4. "It's unnecessary. Man-made global warming and climate change is a myth." Climate change deniers would gradually disappear and stop feeling compelled to deny once they realized that change was happening, that the pain was minimal, and that they'd better just get on with being good businessmen in their chosen fields.

5. "It puts an unfair burden on the less developed nations." This one I'm not sure about. Perhaps aid given to less developed nations could be adjusted to include significant transfer of both technology and expertise to less developed nations so that they could compete more fairly.

Thoughts? I would be grateful if you would share this with anyone you think might have an interest, especially those directly involved in the science, economics, politics related to this issue.
Leif Arne Storset's profile photoScott W's profile photo
Scott W
If this plan were enacted, it is likely that not all countries in the world would adopt it. The non-adopters would initially have a small advantage economically over the adopters (although this advantage would later disappear as the adopters began to develop and use more advanced technology, and leave the others behind). Can anything be done about this initial disadvantage faced by those who adopt this scheme?

Yes. The adopters can do their best to estimate what the net result of the Controlled Carbon Tax would have been on the price of that non-adopter's good or service, and then charge exactly that amount as a tariff. They could even return that money to the government of the country of origin of that good or service (perhaps minus an appropriate service fee to cover the cost of gathering the data required to calculate what the tariff should be), which would give exactly the same result as if the origin country had been an adopter all along!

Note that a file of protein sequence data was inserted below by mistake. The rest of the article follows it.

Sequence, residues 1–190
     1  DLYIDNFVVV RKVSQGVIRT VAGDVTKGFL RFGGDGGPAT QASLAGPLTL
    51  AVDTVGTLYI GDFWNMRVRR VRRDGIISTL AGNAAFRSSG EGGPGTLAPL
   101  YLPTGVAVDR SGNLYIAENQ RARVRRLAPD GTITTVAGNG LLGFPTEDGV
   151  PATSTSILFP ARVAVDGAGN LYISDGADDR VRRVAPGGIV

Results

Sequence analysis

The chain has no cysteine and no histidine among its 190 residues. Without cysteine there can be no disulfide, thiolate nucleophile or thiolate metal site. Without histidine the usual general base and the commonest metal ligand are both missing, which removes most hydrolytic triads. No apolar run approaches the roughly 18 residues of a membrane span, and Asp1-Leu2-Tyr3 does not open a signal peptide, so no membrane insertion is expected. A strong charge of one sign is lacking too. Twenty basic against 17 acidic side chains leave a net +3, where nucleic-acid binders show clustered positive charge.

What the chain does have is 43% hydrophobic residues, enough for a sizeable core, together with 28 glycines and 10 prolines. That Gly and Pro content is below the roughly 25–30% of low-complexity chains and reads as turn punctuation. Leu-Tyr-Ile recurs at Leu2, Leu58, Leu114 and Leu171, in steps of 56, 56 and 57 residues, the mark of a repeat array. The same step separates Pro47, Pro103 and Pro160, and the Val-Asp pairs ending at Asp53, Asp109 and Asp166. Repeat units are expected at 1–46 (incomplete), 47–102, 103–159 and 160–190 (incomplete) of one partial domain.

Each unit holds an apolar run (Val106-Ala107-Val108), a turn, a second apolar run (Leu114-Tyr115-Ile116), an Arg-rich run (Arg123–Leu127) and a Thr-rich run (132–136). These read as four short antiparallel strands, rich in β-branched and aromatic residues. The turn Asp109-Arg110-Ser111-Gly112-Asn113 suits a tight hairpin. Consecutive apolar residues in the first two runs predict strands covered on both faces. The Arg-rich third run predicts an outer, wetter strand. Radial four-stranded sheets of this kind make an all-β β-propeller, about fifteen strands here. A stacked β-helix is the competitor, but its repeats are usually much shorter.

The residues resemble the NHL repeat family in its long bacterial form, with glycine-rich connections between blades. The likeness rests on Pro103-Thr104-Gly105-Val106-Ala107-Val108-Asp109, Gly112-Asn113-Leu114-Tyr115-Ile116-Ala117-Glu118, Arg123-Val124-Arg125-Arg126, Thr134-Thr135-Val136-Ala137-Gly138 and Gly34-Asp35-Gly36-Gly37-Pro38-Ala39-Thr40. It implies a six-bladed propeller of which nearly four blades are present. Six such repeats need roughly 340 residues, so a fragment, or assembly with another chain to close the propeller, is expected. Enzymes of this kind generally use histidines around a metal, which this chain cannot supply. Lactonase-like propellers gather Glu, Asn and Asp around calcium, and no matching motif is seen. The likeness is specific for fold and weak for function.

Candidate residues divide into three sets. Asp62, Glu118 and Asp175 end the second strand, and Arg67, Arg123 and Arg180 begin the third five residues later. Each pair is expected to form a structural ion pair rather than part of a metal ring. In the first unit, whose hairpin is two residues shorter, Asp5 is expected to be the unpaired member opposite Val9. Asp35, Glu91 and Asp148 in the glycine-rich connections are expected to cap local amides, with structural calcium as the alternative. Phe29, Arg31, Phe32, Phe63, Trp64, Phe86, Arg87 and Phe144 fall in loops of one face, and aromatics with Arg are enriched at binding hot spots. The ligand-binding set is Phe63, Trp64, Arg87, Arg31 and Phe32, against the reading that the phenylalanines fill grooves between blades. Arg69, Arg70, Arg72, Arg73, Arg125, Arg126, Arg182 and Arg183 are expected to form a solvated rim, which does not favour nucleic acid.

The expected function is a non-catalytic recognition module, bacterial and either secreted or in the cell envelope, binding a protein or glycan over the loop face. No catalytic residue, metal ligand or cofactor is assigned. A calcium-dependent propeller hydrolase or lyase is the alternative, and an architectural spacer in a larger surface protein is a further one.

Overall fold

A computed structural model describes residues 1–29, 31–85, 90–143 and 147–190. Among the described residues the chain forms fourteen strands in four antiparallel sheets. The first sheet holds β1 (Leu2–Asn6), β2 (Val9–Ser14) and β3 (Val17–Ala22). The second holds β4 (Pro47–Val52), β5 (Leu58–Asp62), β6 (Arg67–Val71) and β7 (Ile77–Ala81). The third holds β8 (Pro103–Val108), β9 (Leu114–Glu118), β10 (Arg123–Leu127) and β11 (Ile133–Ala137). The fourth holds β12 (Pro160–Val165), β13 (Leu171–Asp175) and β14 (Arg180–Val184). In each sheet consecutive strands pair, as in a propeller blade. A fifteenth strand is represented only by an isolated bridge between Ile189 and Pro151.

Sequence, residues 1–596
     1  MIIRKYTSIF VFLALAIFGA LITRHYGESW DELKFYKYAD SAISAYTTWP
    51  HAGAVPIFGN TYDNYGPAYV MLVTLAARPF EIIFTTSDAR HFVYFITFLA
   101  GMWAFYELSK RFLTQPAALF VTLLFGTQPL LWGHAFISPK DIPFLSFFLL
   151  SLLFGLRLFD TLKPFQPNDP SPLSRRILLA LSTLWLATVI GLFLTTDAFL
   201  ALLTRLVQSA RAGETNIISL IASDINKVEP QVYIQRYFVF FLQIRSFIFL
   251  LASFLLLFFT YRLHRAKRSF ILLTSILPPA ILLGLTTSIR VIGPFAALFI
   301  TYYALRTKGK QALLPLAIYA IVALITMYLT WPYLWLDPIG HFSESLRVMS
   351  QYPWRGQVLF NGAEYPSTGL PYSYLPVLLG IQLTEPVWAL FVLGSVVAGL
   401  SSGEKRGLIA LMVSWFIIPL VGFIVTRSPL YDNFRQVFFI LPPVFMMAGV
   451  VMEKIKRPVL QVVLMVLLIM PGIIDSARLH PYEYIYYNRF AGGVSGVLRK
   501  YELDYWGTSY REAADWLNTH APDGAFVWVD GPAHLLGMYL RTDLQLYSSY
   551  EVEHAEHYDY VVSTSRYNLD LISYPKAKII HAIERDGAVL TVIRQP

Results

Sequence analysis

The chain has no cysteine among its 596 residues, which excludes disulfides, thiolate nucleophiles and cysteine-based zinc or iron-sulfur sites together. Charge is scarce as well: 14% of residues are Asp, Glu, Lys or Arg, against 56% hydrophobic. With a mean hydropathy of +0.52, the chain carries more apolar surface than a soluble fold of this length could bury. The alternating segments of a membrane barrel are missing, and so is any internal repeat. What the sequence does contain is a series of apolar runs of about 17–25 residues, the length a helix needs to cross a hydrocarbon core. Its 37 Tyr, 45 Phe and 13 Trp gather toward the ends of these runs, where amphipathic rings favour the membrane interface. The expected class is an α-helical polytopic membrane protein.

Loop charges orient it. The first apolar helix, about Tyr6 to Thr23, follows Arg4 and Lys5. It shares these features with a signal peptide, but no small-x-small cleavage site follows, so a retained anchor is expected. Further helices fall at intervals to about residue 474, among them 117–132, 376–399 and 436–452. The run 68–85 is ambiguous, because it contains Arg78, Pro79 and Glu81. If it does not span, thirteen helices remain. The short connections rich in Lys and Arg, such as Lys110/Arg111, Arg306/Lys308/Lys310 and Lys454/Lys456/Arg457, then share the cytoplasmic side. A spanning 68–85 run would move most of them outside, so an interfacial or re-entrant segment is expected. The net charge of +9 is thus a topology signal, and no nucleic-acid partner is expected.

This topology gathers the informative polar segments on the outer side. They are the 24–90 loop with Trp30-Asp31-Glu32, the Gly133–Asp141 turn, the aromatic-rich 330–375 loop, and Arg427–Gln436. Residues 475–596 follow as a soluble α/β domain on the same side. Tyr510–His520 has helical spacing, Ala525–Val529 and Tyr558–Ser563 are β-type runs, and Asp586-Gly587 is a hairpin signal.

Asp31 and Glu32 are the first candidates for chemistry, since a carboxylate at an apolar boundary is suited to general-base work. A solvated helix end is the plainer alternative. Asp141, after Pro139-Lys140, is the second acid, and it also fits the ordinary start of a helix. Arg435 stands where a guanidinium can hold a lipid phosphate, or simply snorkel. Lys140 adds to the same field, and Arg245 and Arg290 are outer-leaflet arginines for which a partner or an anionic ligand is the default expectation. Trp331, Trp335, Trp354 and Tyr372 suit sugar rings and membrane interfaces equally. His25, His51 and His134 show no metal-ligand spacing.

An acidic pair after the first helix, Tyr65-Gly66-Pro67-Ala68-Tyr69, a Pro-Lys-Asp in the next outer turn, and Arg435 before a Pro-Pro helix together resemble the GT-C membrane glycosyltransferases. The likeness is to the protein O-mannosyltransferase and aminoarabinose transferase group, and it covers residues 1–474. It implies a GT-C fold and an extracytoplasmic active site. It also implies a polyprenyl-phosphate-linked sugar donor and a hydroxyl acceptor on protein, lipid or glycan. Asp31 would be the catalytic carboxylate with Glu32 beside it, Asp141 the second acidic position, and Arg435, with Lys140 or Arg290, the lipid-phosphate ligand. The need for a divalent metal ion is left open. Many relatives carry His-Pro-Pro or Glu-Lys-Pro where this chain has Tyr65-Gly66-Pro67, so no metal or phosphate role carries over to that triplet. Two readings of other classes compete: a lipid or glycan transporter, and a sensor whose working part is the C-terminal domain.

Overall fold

In this way, the markets of adopter countries would gradually become more and more inaccessible to the non-adopter countries' industries until they were essentially coerced into pulling up their socks and directing their country towards a similar scheme of zero greenhouse gas emission within 40 years.

Sure, the non-adopters could institute similar tariffs, but the net result would be a group of adopter countries taking advantage of free trade within their group and simultaneously moving quickly toward newer, more efficient technologies, while the group of non-adopters perhaps also having free trade only within their group but simultaneously falling behind on the newer, more efficient technologies. They would very soon have incentive to catch up and join this scheme, much like the World Trade Organization provides strong incentive for countries to adopt certain modern regulatory requirements in order to be allowed to join.
The main difficulty here is the political sell and the lobbies, I would imagine – not everyone has the mental capacity to read your rationale…

You may be aware that Kyoto-protocol parties already tax emissions. We will pay a carbon tax on our flight home for Christmas, for instance. But the 40-year perspective is interesting.
Scott W
Definitely. I think the key would be to focus on the phrases "revenue neutral", "no economic cost", and so on. But certain industries that are rabidly against change have lobbies and mis-information campaigns that are hard to beat.

I was unaware that emissions are already taxed in some Kyoto signatory countries. I guess since Canada has failed to ratify Kyoto, and has now withdrawn, that doesn't include us. Shame on Harper's Conservative government.